In a bucolic setting in Tolland, software designers at CNC Software Inc. write a program called Mastercam, in which a computer tells a machine how to cut or shape nearly any kind of product from motorcycle wheel covers to hip implants.
"Our product is a software tool that creates CNC programs that allow machines to cut certain shapes," said CNC Software President and CEO Mark Summers. The software can look at a CAD file or 3-D model of the object that is to be made, and produce instructions that will tell a machine how to manufacture the part.
It's also a family business. In addition to Mark Summers, 55, his brother Brian is vice president in charge of marketing, sales and the machine shop, where programs are tested. Mark's daughter Meghan West is the chief operating officer, responsible for marketing, quality control, and interaction with customers.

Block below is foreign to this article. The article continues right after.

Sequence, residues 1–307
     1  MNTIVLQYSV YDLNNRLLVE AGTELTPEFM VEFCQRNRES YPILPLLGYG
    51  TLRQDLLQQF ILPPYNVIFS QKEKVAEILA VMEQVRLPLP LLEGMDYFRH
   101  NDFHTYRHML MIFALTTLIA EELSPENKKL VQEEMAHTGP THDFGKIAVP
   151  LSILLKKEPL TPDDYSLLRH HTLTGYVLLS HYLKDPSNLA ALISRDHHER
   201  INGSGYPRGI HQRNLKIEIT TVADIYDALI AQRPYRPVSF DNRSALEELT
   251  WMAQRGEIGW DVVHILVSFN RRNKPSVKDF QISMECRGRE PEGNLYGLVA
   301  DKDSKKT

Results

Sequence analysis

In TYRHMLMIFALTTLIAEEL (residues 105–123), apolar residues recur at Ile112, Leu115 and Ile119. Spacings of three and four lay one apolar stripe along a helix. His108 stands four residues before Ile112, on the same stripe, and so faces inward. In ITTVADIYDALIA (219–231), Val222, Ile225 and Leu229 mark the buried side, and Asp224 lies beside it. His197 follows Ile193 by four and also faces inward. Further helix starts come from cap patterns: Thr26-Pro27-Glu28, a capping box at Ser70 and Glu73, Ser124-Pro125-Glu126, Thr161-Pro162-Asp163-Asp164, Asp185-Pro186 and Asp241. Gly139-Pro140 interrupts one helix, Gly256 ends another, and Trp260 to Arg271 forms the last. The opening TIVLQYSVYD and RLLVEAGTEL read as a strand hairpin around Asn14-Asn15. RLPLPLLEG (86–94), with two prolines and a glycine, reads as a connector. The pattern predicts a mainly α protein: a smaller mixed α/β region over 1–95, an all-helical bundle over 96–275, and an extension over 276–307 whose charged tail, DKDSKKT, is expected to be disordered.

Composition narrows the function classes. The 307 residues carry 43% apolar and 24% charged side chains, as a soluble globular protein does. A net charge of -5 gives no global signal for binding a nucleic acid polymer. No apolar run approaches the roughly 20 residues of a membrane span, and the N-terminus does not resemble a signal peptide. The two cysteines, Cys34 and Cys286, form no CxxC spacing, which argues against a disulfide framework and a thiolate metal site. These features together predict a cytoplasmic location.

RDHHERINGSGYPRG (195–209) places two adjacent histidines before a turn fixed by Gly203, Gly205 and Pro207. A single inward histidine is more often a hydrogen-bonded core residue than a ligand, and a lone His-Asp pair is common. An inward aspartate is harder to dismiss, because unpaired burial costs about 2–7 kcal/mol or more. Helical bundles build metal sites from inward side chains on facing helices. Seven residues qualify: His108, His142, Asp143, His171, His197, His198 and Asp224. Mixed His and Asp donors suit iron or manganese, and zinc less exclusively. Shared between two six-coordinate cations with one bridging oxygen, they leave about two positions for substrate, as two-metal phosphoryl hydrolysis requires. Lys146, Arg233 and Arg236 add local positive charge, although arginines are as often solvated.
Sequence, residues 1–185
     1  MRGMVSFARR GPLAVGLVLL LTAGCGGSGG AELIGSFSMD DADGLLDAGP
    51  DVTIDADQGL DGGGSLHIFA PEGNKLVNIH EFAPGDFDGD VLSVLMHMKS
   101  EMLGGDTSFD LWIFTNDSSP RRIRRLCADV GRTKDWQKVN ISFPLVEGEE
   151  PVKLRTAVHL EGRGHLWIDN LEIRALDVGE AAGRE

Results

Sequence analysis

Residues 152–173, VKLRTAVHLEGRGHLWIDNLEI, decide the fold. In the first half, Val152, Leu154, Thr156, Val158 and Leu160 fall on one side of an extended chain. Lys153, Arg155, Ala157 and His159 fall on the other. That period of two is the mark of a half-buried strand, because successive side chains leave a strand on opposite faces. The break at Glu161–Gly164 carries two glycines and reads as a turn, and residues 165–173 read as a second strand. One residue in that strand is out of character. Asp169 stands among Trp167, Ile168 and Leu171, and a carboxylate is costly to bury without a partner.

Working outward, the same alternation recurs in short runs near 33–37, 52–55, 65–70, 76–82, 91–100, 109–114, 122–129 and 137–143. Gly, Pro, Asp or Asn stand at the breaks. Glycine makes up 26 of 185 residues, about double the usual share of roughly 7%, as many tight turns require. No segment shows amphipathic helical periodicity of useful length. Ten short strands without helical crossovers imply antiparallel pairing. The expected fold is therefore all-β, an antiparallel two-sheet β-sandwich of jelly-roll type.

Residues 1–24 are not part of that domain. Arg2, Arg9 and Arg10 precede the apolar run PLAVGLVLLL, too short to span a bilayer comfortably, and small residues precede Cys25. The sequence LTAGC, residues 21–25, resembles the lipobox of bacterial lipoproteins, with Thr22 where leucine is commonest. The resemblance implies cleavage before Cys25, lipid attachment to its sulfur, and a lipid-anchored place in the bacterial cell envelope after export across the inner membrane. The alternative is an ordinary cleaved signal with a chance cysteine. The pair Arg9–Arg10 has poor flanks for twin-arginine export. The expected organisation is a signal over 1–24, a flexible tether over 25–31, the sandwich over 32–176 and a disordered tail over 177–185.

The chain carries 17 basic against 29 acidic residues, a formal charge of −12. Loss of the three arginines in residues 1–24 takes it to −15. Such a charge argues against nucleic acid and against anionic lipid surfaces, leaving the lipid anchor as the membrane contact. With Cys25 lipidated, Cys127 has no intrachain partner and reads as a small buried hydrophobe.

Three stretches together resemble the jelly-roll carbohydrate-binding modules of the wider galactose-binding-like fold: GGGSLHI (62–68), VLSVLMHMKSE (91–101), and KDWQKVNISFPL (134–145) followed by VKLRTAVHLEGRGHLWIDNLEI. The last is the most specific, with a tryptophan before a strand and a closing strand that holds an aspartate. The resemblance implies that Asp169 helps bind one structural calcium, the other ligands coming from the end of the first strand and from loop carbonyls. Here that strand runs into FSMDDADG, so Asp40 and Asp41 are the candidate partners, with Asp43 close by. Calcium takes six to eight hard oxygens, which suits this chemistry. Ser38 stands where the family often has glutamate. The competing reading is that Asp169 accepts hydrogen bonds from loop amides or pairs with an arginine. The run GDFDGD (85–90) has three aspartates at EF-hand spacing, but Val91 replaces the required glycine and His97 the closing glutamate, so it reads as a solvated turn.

The company markets through resellers, with 50 percent of sales in the U.S. and the remainder in 50 countries. The company has 135 employees, including about 30 software designers are at work tweaking the program, which sells for between $5,000 and $12,000. The company also operates an internship program for area college students, and Mastercam is taught at local high schools including A.I. Prince Technical High School in Hartford.
Boeing is the company's biggest customer, and Ford, Chrysler and General Motors also purchase programs they use to make auto components. The company has just started selling its 17th version of Mastercam.
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